As said earlier, there are certain akṣara-s that make a very good bīja. The most important of such akṣara-s come from vowels i.e a to aḥ (अ to अः) and a few akṣara-s from consonants such as ka, ba, bha, ma, ra, va, śa, sa, ha, etc (क ब भ म र व श स ह). Any of these akṣara-s can be chosen to formulate an ātma bīja in conjunction with other akṣara-s. The akṣara- can be chosen from the natal horoscope of the disciple. If the lagna (ascendant) lord is very powerful (having high ṣaḍbala), well placed, not combust and not debilitated, then the concerned bījākṣara of lagna lord can be used as the base for formulating ātma bīja. If langa lord is not well placed, or weak or malefic, then bījākṣara of pūrṇa yogakārakā (occupying a kona and a kendra) planet, if any in the horoscope can be used. If none of these are available, then any of the akṣara-s mentioned above (given only as examples) can be chosen to form ātma bīja.
Now, let us understand how the ātma bīja for Kumar is derived. Guru of Kumar decides to use akṣarara (र) to formulate ātma bīja for him. There are two methods by which this can be done. र is placed in D-IV (square 16), whereas the first akṣara of Kumar क is placed in A-1 (square 1). Now count the number of columns from A-1 to D-16, which is in the fourth column. Similarly, count the number of rows from A-1 to D-16, which is also in the fourth row. Both fourth column and the fourth row is an enemy (ari) square and the alphabets therein cannot be considered for ātma bīja. Therefore, any bīja with र as the akṣara cannot be the ātma bīja for Kumar.
Since र is not suitable, his Guru decides to use the akṣara म (ma), which is in the second column as well as the second row from क. Second row and second column is sādhya square, which means that all the three akṣara-s (ऌ, झ, म) in that square is highly suitable for Kumar. An akṣara alone cannot form a bīja and therefore म is to be made as a bīja. Before his Guru decides on Kumar’s ātma bīja, he will have a look at the other two bīja-s ऌ, झ. Each bīja has certain characteristics and based on the characters they do either good or bad to the person concerend. In the present case akṣara ऌ is not auspicious and should not be used to form an ātma bīja. Therefore, either झ or म can be used. Between these two, म is more auspicious and this alone should be used to form an ātma bīja. Having decided to choose म, this has to be converted into a bīja by adding रीं (rīṁ). रीं is chosen because र is a very auspicious as well as a powerful akṣara and belongs to Agni and (ईं ) īṁ is kāmakalā. Thus म+ र + ईं = म्रीं (mrīṁ) becomes the ātma bīja of Kumar. In the foregoing discussion, the decision was not made on his horoscope, but only the first letter of his name.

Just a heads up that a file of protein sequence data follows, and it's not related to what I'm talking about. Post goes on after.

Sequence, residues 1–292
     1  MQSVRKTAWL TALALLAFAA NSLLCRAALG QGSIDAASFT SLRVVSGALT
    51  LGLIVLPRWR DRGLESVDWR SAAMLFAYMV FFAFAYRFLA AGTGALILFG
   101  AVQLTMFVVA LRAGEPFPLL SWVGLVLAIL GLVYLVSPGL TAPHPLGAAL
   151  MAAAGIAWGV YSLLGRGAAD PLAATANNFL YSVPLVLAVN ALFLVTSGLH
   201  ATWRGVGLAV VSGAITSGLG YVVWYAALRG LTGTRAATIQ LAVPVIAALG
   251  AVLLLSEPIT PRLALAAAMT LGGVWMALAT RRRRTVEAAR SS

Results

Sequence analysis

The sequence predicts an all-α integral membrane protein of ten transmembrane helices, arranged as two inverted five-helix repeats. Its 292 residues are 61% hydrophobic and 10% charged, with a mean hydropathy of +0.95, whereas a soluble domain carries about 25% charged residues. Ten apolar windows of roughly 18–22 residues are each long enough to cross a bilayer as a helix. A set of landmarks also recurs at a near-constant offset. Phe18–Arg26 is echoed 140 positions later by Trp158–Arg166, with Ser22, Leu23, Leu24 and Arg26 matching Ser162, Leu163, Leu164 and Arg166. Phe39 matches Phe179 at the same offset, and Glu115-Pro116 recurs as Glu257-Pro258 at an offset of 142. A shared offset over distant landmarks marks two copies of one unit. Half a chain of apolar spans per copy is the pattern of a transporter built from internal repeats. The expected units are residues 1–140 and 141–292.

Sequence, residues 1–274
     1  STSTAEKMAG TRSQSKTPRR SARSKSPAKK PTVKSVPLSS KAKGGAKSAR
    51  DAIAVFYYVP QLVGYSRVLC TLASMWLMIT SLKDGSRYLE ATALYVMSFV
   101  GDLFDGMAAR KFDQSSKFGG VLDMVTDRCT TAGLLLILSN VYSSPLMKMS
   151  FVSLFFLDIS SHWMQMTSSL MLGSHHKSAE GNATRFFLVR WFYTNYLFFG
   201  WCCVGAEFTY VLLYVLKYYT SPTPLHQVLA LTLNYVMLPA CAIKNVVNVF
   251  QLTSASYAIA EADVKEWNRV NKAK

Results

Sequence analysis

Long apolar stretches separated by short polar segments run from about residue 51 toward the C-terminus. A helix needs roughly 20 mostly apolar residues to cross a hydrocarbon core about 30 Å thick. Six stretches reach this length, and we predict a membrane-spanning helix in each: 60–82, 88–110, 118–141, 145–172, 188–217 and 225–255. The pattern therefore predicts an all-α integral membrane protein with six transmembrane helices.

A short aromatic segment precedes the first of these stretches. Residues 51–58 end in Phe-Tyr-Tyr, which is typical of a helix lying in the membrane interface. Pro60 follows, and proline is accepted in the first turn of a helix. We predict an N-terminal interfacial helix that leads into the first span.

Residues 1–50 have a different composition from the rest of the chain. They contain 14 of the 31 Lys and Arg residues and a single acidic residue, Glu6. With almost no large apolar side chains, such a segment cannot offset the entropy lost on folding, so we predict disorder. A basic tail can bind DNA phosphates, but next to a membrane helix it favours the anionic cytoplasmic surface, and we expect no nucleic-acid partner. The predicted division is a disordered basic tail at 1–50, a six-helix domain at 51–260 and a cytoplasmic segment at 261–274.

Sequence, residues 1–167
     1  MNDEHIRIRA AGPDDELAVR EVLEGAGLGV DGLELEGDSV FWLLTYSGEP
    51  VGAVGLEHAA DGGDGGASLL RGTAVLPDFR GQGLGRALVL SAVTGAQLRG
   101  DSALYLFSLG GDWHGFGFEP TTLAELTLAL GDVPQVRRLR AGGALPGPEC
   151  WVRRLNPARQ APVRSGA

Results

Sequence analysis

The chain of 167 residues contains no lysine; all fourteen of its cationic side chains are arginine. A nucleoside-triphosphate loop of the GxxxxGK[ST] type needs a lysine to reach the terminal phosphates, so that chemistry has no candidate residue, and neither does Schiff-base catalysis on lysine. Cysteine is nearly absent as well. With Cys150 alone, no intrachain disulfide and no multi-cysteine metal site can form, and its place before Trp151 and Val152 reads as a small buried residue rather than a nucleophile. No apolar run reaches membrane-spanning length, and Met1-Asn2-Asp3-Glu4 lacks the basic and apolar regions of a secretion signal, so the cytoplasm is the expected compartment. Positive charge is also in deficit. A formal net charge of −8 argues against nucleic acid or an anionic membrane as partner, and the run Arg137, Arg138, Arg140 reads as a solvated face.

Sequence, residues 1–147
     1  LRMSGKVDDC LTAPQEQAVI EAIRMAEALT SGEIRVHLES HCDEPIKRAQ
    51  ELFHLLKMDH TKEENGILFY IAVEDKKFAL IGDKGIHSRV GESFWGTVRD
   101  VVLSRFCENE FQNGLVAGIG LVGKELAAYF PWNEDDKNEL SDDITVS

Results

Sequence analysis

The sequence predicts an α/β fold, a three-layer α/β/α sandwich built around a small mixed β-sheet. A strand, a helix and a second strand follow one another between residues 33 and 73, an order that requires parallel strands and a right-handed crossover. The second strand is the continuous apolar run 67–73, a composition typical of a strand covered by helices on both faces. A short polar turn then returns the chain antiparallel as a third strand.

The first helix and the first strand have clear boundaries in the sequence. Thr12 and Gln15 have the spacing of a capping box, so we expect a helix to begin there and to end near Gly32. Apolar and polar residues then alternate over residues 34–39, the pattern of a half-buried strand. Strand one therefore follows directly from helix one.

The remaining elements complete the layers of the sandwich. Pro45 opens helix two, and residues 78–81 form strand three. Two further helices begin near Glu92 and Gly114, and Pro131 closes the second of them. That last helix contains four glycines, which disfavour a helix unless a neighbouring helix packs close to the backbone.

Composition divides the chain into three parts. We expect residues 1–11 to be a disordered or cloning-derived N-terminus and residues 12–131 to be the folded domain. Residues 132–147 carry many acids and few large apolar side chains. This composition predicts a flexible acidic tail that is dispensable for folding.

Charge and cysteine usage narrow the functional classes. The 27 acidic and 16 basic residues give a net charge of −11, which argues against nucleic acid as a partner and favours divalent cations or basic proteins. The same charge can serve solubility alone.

It is always better to choose the square that falls in the second row and second column or third row and third column from the name square. However, third column and third row from the name square is the most beneficial which is known as susiddha square (the efficacious and having superhuman powers). As said earlier that each letter has got certain qualities and before determining the ātma bīja, the nature and quality of the akṣara is to be ascertained. However, the fourth column and fourth row are to be totally avoided.
Once ātma bīja is arrived, his Guru should initiate this to his disciple. The disciple should be asked to test its efficacy by reciting the ātma bīja for a few days. This is necessary to avoid any unnoticed and overlooked human errors while computing the bīja. If the disciple feels the positive vibration from the ātma bīja, then it perfectly suits him. On the contrary, if the disciple faces some difficulties during this period, this ātma bīja should be discontinued and another one should be chosen. Once the ātma bīja suits the disciple, his Guru will advise him how to use this while reciting various mantras. Generally ātma bīja can be prefixed and suffixed to a mantra. Alternatively, his Guru may advise him to recite only ātma bīja. This is applicable in the case of advanced disciples who practice more meditation. Ātma bīja should be aligned with one’s breath for quick results. If one mentally recites the right ātma bīja, attaining siddhi is possible in a short time say a month or two at the maximum.